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Refugee crisis: Germany ‘expecting as many as 10,000’ arrivals as refugees head through Austria

German police say they are expecting the arrival of up to 10,000 refugees following a deal with Hungary that has allowed thousands of people to cross into Austria.

Hundreds of refugees arrived in Munich by train from Austria on Saturday, and many more are expected to follow.

“We don’t have reliable figures yet, but we are expecting between 5,000 and 10,000 refugees today,” Stefan Sonntag, a police spokesman, was quoted by Reuters as saying.

The arrival of the refugees comes after neighbouring Austria welcomed more than 4,000 people across its border with Hungary.

Austria said it had agreed with Germany that it would allow the refugees access, waiving the rules of an asylum system brought to breaking point by Europe’s worst refugee crisis since the Yugoslav wars of the 1990s.

Although Austria has said it will offer asylum opportunities to the new arrivals, most say they want to settle in Germany.

Johanna Mikl-Leitner, Austria’s interior minister, said on Saturday that of the thousands of refugees now coming into Austria, only about 10 had applied for asylum.

“More than 3,000 refugees reached Austria last night. Each refugee can of course apply for asylum in Austria and is being informed of this possibility,” she said.

“Around 10 refugees have applied for asylum in Austria so far. The others want to continue, primarily to Germany. And I stress once again that our police officers will not use force to counter these people, families and children.”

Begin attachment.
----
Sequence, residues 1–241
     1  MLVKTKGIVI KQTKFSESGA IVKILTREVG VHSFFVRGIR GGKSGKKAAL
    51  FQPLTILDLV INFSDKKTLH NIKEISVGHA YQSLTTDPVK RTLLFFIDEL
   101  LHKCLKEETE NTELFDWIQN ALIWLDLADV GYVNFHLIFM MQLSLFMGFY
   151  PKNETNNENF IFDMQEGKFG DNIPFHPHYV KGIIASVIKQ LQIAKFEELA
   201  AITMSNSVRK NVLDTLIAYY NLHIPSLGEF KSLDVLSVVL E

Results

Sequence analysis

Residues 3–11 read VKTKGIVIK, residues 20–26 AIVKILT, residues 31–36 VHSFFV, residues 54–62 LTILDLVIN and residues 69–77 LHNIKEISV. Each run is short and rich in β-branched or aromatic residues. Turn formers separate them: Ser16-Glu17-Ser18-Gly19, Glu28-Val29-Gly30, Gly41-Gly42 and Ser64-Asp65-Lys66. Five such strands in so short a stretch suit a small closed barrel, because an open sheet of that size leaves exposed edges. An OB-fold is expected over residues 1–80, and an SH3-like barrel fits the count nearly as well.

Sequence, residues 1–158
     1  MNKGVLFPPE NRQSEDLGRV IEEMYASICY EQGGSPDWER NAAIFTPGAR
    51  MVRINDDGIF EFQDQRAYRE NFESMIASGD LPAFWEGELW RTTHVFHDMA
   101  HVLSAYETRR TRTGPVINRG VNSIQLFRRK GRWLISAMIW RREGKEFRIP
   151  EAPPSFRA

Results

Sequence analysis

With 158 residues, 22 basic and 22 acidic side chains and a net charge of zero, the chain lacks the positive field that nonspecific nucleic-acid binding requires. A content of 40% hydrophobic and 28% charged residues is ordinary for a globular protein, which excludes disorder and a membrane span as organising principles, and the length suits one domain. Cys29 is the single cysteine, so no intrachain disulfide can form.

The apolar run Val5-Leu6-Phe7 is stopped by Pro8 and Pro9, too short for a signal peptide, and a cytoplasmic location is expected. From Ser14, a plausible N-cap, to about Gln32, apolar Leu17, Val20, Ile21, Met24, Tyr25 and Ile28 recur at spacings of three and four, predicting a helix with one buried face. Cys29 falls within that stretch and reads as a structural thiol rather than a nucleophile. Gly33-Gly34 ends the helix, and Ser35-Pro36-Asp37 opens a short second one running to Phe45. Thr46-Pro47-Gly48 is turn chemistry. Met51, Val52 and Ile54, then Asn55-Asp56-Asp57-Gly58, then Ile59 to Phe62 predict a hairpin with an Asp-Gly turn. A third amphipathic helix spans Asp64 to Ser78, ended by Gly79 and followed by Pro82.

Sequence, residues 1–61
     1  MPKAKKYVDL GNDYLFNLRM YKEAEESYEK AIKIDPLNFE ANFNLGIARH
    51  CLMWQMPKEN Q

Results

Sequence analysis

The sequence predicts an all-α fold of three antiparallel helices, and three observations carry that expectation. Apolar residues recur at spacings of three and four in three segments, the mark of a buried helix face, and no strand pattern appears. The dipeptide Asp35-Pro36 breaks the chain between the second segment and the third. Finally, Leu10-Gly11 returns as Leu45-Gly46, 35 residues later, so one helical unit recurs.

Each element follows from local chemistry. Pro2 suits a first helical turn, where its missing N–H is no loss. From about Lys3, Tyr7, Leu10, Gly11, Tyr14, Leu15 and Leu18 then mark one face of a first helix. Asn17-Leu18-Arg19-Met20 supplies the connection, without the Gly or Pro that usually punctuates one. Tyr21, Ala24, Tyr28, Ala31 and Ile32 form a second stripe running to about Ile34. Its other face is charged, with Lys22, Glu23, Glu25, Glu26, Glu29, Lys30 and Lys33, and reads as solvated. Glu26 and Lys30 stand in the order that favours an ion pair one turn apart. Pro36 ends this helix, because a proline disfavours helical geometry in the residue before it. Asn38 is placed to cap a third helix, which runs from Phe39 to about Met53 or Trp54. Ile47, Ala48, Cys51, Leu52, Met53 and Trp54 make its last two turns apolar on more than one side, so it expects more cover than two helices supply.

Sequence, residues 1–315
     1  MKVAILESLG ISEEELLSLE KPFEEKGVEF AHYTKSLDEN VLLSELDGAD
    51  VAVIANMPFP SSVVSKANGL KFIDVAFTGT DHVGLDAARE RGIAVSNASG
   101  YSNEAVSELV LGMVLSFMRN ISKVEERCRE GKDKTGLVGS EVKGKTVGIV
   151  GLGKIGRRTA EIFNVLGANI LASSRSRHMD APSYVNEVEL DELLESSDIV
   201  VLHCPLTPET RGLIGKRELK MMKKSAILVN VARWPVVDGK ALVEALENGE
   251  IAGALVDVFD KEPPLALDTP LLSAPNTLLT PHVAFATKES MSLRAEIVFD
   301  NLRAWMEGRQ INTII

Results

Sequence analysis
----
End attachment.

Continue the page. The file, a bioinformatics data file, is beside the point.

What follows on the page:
Angela Merkel, the German chancellor, has said that her country will not prevent anyone from seeking asylum.

“The right to political asylum has no limits on the number of asylum seekers,” Ms Merkel told the Funke consortium of newspapers in an interview.

But she repeated her government’s position that those who fail to meet the criteria for asylum will be returned to their home countries.

Germany’s willingness to help migrants and refugees – in contrast to other European governments such as Hungary and the UK – has added to the desire among many migrants to strike out for Germany.

The move by Austria and Germany also eased the burden on Hungary, helping to bring to an end a tense stand-off between refugees and Hungarian officials.

Hungary had demanded those crossing through its territory report to government-run asylum centres, but eventually relented in the face of resistance from the migrants and refugees and provided buses to the Austrian border.

One Syrian man, who declined to give his name, was quoted by Reuters as saying: “Hungary should be fired from the European Union. Such bad treatment.”

“We’re happy. We’ll go to Germany,” another, who gave his name as Mohammed, said.

German officials recently predicted that up to 800,000 migrants and refugees would arrive by the end of the year, many from Syria, Iraq and Eritrea.


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